In a sector rife with closures and cutbacks, public library usage among adults has declined by almost a third since 2005, according to new government figures.
The Taking Part report, commissioned by the department of culture, media and sport (DCMS), measures adult engagement in culture and revealed that 33.8% of adults had used a public library service in between October 2014 and September 2016, down from 48.2% in 2005. This represents a decline of 29.8% since 2005 - almost a third. According to the report, the proportion of adults who use a public library service has decreased almost every year since the survey began in 2005/06. Of all the four sectors measured by the survey, public libraries was the only sector which has experienced steady decline since 2005.
Campaigners have hit out over the statistics and called on official government bodies - particularly the Libraries Taskforce, Arts Council England (ACE) and the Society of Chief Librarians (SCL)- to focus their attention "urgently" on the sector and what needs to be done to reverse the decline.
“The Taskforce needs to take its head out of the sand and properly research all the reasons why so many have stopped using libraries and then work with chief librarians and the Arts Council England to put in place an effective plan to reverse the decline,” said veteran library campaigner Desmond Clarke.
Tim Coates, former m.d. of Waterstones and library campaigner told The Bookseller that the government needed to address the problems in the public library sector - namely lack of relevant books and "old fashioned methods" - to reverse the decline in usage.
"The reputation of public libraries is about books and reading. It is obvious to everybody", Coates said. "In the publishing industry we know that over those years, while many things have changed, the habit of reading has not. We see new authors and new initiatives, fashions and technologies - but the idea of reading has stayed constant. So the dramatic decline in use of libraries has, by virtue of simple arithmetic, to have come because libraries - even though they are free to use - do not provide the reading material that people want, when they want it. And even more powerfully, while booksellers of all kinds have learned the importance of instant convenient delivery, libraries have fallen seriously behind the simplest service requirements of their customers."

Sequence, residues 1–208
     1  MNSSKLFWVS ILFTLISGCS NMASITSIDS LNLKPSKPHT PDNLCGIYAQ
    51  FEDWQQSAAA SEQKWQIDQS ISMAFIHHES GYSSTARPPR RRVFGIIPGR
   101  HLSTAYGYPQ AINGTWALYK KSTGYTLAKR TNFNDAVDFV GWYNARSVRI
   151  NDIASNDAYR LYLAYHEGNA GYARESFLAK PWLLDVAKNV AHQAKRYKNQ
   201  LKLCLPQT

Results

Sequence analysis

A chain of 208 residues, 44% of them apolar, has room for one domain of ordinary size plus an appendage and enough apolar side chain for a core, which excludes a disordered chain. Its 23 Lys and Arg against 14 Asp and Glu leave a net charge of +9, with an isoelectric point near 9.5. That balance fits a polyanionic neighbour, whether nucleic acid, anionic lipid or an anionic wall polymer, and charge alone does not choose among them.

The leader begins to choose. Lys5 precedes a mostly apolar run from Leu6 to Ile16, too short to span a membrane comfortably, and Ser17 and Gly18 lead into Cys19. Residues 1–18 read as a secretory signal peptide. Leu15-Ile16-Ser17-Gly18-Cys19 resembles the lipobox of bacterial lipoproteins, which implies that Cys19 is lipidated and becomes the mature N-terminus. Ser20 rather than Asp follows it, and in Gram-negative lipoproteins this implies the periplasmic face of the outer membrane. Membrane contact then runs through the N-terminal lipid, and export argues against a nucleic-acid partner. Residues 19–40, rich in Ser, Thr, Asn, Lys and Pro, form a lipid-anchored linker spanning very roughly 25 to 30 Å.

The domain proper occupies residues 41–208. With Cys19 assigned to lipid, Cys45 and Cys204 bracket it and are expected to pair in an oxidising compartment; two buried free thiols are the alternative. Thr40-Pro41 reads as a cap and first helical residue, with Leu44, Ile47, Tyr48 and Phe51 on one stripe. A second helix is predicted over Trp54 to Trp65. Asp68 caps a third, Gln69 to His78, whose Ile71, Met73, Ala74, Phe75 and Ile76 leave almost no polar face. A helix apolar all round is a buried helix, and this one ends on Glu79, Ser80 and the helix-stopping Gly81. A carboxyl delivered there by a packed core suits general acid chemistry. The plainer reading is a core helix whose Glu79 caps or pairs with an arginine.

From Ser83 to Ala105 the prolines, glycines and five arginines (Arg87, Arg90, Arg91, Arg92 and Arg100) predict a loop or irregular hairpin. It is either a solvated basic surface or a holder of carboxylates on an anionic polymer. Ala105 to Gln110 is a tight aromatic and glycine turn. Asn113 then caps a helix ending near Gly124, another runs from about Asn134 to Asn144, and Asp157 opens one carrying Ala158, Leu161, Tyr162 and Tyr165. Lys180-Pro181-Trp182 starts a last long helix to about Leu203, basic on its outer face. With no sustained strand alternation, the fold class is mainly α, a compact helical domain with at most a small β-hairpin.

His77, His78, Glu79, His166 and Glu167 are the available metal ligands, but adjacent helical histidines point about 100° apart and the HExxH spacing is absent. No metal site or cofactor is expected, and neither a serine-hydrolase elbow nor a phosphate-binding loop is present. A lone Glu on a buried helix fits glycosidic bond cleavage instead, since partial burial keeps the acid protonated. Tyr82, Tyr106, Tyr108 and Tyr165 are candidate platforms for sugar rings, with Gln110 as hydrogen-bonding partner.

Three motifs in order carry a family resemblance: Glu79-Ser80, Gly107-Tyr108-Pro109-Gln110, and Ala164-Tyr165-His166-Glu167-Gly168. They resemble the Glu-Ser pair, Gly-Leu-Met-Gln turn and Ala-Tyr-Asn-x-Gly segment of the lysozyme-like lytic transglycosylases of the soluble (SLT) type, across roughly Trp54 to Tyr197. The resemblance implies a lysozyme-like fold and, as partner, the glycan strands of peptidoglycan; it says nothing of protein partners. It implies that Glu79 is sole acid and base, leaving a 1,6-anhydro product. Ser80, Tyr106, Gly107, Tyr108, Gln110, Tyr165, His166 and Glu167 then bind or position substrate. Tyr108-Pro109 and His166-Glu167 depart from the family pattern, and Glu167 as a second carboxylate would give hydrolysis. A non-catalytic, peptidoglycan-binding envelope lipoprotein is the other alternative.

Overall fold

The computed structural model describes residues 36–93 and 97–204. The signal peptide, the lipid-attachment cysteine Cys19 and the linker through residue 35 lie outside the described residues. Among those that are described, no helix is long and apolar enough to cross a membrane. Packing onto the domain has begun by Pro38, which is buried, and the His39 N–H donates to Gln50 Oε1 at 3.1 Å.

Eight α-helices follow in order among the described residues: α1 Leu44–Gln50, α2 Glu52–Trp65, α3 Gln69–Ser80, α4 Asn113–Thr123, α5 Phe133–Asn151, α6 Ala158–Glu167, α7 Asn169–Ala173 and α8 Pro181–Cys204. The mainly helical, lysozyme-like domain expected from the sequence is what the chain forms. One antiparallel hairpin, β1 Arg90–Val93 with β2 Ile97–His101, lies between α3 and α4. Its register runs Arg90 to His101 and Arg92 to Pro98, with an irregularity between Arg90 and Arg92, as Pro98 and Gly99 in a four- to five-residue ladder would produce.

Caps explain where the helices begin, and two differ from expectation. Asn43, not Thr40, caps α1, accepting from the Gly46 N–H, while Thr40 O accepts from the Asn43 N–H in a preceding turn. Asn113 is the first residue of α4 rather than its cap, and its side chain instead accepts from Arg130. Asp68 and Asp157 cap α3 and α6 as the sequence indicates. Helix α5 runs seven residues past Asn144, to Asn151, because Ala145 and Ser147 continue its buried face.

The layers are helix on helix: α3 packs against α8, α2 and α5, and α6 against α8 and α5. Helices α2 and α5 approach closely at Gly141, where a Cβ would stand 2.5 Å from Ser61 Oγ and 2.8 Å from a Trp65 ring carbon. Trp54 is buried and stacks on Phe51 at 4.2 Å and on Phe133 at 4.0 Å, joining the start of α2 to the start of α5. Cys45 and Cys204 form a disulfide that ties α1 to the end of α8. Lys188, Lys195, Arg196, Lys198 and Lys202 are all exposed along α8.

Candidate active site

He added: "[Libraries] don't have the books and their old fashioned methods are unable to deliver items as fast as they are needed. These are the simple issues the library service, its profession and its task forces have got to address urgently otherwise the public libraries of England rightly will be closed for wasting public money. And that will bureaucratic stupidity on a grand scale. It would be unbelievable if we weren't watching it happen."
The report also broke out the data of usage among demographics, revealing that a lower proportion of adults from the lower socio-economic group (29.7%) used a library compared with those from the upper-socio economic group (35.9%). Engagement with libraries was higher for women, of whom 37.6% had used a library in the 12 months prior to interview, compared with just under 30% of men (29.9%). Meanwhile, 43.9% of black and minority ethnic adults used the library over the same period, compared to 32.4% of white adults, the report revealed. Altogether 35.3% of disabled adults used libraries, compared to 33.2% of those adults with no disability or long-standing illness.
Nick Poole, chief executive of the librarians body CILIP argued that the figures are a warning that it is "time to stop talking about the dismantling of library services and instead to demand action."
Highlighting a national leadership strategy put forward by CILIP members, Poole said: "We’ve put a solution on the table that can deliver the transformation and efficiencies needed to sustain library services nationally and the government has ignored it. If they continue to look away, the picture of library use will keep worsening and the electorate will carry the implications into whatever world is waiting for us post-austerity and post-Brexit.”
The Society of Chief Librarians insisted that it would continue to "work to engage and excite people about all the resources on offer in their libraries" and emphasised the increase of online library usage. The survey revealed that the proportion of adults who had visited a library website "significantly" increased from 8.9% in 2005/06 to 13.0% in the year to September 2016.
A SCL spokesperson said: "While physical library visits among people over the age of 16 have declined, we have seen a boom in the number of visits to library websites which provide a range of on-line resources including e-books, e-magazines and a range of information in areas like benefits, citizenship, jobs and health and wellbeing.
“Unfortunately, the survey does not measure children’s visits and SCL members report a very high take up of children’s activities, with some rhyme times and baby bounces full to capacity.”
A DCMS spokesperson said: “Libraries are hugely important community assets and we are absolutely committed to helping them flourish and prosper in the 21st century. That is why the Libraries Taskforce has published a strategy for the service in England to ensure they are more resilient and better utilised by local authorities. This includes a new £4 million fund for projects such as literacy schemes, improving access to technology, and increasing the number of children visiting libraries.”